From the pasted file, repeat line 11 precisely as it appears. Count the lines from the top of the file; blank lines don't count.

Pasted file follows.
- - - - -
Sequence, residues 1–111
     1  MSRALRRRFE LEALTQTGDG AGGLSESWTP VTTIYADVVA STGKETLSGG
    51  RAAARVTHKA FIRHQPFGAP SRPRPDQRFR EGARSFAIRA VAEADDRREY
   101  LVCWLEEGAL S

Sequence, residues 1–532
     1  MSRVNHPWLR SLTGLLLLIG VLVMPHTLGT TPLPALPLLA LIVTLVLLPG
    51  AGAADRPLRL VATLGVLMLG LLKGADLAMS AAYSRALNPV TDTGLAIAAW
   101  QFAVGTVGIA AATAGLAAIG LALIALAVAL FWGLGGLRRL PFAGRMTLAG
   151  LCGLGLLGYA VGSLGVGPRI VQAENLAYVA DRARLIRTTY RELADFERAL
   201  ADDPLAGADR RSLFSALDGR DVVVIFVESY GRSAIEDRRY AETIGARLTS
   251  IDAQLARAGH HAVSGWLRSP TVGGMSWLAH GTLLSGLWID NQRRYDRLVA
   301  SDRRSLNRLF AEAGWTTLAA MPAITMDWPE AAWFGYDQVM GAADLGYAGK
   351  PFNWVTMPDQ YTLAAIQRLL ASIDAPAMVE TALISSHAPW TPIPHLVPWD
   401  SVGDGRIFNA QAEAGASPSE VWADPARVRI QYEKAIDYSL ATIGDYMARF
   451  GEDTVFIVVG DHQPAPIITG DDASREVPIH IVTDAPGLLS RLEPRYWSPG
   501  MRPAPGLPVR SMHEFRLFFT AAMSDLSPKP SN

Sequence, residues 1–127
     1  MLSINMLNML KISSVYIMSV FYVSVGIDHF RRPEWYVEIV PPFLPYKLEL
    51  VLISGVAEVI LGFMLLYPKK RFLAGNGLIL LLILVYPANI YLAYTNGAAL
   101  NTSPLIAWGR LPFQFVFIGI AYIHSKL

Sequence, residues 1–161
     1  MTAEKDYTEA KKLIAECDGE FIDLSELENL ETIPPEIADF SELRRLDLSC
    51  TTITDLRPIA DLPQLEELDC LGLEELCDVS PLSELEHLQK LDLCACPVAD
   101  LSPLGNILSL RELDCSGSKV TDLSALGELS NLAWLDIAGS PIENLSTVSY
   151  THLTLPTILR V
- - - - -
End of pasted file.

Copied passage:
   251  IDAQLARAGH HAVSGWLRSP TVGGMSWLAH GTLLSGLWID NQRRYDRLVA